Written answers

Wednesday, 31 March 2021

Department of Health

Vaccination Programme

Photo of Cathal CroweCathal Crowe (Clare, Fianna Fail)
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868. To ask the Minister for Health if persons suffering from long Covid will be considered for priority vaccination; and if he will make a statement on the matter. [16352/21]

Photo of Stephen DonnellyStephen Donnelly (Wicklow, Fianna Fail)
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On the 23rdof February 2021, I announced an update to Ireland’s COVID-19 Vaccine Allocation Strategy.

In comprising the initial Vaccine Allocation Strategy, the NIAC listed several conditions associated with increased risk of severe disease and death. In the intervening period, national and international evidence has become available which has enabled a more detailed analysis of underlying conditions that may increase the risk of developing severe disease or death.

The NIAC has now been able to more comprehensively identify those medical conditions and to distinguish between those which place a person at very high or high risk of severe disease if they contract the virus. Medical conditions and the magnitude of the risk they pose will continue to be monitored and periodically reviewed.

The NIAC continues to monitor data around this disease and indeed emerging data on effectiveness of vaccines on a rolling basis. Further details are available at the following link:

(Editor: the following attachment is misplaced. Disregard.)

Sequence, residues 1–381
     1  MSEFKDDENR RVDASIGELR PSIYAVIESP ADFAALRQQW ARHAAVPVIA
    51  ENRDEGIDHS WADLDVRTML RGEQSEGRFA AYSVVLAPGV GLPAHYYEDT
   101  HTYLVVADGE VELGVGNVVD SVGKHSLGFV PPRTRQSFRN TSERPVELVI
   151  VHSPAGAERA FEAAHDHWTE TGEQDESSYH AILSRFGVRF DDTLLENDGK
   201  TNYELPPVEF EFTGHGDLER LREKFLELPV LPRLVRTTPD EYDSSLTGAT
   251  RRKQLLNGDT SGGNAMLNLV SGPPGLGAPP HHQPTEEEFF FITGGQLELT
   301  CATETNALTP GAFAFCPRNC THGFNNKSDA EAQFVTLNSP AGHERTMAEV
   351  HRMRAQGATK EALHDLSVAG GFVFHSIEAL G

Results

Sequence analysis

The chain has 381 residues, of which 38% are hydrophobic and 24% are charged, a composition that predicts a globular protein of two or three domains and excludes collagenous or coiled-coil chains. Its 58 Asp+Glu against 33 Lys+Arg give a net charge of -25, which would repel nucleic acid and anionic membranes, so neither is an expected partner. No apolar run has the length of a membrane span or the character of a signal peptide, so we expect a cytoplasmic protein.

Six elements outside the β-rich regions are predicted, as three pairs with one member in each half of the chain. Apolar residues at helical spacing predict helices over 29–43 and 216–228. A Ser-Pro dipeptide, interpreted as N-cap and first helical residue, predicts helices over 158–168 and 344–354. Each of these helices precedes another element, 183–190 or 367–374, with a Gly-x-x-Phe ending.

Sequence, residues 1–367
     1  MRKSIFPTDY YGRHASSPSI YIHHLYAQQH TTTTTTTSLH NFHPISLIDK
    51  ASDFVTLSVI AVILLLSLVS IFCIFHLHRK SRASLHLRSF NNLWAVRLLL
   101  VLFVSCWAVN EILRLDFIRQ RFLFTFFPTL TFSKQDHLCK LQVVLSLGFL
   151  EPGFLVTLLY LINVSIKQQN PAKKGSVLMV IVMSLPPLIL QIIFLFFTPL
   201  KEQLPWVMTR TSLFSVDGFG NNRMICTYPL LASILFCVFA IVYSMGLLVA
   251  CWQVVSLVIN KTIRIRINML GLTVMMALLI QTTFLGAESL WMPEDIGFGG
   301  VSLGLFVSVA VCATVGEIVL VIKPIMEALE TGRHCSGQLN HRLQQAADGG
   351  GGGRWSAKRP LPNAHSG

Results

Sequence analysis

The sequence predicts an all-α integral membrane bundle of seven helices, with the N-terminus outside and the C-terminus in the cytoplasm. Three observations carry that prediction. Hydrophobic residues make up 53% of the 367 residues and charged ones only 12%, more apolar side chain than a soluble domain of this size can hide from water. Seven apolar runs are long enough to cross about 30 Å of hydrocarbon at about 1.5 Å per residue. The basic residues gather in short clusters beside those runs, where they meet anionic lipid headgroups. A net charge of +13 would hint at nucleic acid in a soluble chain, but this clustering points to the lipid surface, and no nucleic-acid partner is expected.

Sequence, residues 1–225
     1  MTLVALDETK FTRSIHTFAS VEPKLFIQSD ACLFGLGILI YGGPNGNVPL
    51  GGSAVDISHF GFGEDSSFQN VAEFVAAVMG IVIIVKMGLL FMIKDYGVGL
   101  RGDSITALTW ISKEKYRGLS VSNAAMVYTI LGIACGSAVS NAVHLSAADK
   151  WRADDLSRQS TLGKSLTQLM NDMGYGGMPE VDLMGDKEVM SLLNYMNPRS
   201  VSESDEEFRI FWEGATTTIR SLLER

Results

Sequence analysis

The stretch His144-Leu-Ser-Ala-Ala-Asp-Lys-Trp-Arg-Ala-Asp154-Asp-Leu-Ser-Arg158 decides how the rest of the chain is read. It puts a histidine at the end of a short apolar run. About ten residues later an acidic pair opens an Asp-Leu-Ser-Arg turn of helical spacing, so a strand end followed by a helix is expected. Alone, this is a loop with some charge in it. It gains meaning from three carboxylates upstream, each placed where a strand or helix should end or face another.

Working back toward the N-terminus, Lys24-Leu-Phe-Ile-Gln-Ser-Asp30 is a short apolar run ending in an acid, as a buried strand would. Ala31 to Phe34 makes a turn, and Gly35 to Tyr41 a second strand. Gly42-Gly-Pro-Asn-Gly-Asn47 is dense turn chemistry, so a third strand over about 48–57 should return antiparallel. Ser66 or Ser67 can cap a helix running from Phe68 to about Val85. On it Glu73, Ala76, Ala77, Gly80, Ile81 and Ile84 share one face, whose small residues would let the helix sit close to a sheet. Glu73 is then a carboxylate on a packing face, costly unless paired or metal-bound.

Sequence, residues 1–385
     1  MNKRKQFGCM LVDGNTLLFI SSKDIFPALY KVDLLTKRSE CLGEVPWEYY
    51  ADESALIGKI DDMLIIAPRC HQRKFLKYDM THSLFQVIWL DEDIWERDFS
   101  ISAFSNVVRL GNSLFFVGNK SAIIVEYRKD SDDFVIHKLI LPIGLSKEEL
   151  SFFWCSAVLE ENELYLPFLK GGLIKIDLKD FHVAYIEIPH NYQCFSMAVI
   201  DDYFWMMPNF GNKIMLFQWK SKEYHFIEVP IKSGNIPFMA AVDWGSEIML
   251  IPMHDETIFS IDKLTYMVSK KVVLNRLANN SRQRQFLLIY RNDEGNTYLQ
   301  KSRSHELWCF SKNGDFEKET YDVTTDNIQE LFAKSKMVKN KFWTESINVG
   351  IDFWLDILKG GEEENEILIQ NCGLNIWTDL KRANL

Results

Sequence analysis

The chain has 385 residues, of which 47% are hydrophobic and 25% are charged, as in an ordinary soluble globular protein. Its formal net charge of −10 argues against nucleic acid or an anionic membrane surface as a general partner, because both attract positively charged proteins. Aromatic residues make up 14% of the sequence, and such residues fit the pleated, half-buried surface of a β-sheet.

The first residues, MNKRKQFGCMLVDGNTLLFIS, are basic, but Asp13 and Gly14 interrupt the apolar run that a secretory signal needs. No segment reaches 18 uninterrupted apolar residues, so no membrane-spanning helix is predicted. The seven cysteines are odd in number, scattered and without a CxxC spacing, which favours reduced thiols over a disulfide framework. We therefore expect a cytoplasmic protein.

The next cohort to be vaccinated (Cohort 4) are those aged 16-69 and at very high risk of severe illness and death. Vaccination of this group began in March.

In relation to the categories of very high risk and high risk conditions, this list is not exhaustive. It may also include people who have been classed as at very high risk, based on clinical judgement and an assessment of need. It is recommended that the individuals concerned discuss this with their treating physician who is in the best position to give appropriate advice.

It is important to emphasise that vaccination is only one part of our response to the prevention of COVID-19 infection. People who are vaccinated need to continue with all the public health measures that have been proven to reduce the risk of infection, i.e., limiting our social contacts, physical distancing, wearing a mask, hand hygiene, cough etiquette and avoiding non-essential travel until a sufficiently large proportion of the population are immune.


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